Reconsidering Market Efficiency: A Tale of Two Exchanges
24 Pages Posted: 8 Dec 2011 Last revised: 16 Dec 2011
Date Written: November 19, 2009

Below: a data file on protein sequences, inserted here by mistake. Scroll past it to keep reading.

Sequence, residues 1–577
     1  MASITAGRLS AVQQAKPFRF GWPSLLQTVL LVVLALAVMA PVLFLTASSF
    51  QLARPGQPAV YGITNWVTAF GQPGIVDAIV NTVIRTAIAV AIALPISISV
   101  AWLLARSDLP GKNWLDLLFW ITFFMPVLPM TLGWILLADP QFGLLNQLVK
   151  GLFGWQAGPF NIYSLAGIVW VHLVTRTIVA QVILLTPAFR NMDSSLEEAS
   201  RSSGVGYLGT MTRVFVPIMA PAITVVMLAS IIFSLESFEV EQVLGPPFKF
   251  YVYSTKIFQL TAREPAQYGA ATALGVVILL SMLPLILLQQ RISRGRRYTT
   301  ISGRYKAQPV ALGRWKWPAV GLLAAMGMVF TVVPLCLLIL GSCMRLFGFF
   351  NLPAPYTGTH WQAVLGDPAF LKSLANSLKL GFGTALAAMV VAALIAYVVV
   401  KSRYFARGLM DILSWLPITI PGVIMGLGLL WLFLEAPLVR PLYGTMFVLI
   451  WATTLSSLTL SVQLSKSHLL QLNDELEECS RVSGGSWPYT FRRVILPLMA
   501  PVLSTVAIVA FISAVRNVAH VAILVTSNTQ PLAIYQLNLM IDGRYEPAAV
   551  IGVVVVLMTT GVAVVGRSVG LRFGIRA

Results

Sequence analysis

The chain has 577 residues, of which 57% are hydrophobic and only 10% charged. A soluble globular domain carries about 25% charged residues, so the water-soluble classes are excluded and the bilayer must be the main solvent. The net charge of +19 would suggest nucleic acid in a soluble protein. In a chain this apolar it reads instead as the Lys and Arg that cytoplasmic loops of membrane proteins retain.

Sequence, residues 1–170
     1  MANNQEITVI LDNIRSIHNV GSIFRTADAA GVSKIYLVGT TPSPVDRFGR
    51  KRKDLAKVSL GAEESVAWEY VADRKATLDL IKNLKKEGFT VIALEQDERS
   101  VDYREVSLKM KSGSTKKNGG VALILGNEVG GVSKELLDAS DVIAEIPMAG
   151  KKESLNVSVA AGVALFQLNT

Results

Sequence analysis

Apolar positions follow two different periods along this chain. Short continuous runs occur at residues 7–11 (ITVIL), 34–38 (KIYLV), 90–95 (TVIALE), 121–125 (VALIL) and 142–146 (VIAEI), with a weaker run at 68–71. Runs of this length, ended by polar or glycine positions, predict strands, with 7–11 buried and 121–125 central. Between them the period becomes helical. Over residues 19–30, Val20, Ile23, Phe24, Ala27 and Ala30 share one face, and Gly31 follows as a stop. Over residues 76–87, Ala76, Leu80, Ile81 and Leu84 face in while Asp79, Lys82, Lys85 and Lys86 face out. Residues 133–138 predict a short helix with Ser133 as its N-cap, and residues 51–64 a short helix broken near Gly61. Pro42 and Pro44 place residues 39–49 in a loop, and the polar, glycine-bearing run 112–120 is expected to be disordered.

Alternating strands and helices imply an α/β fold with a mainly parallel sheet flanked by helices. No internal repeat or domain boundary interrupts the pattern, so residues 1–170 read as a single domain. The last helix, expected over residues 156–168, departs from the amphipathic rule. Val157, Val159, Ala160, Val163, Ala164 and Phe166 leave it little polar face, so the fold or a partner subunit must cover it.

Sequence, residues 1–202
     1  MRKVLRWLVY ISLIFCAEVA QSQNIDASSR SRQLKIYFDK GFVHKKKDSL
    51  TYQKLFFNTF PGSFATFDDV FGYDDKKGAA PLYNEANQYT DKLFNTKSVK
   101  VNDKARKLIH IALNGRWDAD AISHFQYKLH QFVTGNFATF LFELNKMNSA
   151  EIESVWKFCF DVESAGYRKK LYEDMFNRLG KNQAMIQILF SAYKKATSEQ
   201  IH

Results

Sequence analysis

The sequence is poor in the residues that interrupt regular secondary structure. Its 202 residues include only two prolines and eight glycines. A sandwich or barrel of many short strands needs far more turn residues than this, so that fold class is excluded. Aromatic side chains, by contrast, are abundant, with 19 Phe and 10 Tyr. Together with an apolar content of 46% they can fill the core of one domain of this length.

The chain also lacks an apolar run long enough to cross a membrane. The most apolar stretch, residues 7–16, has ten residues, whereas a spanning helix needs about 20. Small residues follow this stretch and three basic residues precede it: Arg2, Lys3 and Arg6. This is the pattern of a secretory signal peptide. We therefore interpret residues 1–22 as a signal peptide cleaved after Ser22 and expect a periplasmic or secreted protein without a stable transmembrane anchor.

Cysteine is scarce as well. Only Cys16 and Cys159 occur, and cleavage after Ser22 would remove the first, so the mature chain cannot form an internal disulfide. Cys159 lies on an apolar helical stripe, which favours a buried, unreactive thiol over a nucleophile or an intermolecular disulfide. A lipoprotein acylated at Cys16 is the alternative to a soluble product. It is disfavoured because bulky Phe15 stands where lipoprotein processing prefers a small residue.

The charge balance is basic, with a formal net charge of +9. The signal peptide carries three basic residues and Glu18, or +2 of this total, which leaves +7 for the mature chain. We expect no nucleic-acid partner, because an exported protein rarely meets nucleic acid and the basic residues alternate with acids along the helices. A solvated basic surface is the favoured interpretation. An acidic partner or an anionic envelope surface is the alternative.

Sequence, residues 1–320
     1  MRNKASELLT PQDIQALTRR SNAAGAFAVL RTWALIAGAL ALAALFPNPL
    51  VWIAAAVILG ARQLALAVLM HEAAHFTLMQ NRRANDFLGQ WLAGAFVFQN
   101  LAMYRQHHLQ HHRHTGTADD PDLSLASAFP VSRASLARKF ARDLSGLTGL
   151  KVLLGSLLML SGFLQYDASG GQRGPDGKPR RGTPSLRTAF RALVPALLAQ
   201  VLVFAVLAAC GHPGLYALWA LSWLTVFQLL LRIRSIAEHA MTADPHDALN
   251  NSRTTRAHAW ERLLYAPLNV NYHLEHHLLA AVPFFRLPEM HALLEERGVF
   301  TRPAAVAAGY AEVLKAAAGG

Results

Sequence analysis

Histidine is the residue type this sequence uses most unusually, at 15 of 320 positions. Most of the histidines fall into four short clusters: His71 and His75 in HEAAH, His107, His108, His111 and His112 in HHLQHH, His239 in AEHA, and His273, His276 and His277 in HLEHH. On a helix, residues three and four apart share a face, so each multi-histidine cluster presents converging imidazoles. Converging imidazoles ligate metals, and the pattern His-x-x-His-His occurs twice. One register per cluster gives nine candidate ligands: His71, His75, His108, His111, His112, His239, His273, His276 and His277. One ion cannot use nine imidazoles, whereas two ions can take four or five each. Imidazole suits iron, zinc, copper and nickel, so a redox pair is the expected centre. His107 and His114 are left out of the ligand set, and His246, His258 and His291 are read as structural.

The efficient markets hypothesis argues that the price of a financial asset reflects available information about that asset. Competing theories argue that other factors, including investor behavior, can cause asset prices to diverge from the efficient price leading to “bubbles.” We argue that the governance of market institutions plays a profound role in achieving market efficiency. In particular, we note that until recently, both the New York Stock Exchange and the NASDAQ were non-profit firms. We then identify an objective function for each of these firms and argue that the NYSE had an incentive to produce an informationally efficient marketplace for equities whereas the NASDAQ benefited from inefficiency. We test our hypothesis using a natural experiment, the IPO of the NYSE in 2006, and find that bid-ask spreads on the NYSE were consistently lower than the NASDAQ but then converged after demutualization. We believe that our approach helps resolve an apparent tension between competing theories of market behavior and contributes an analytical framework from which to consider regulatory changes.
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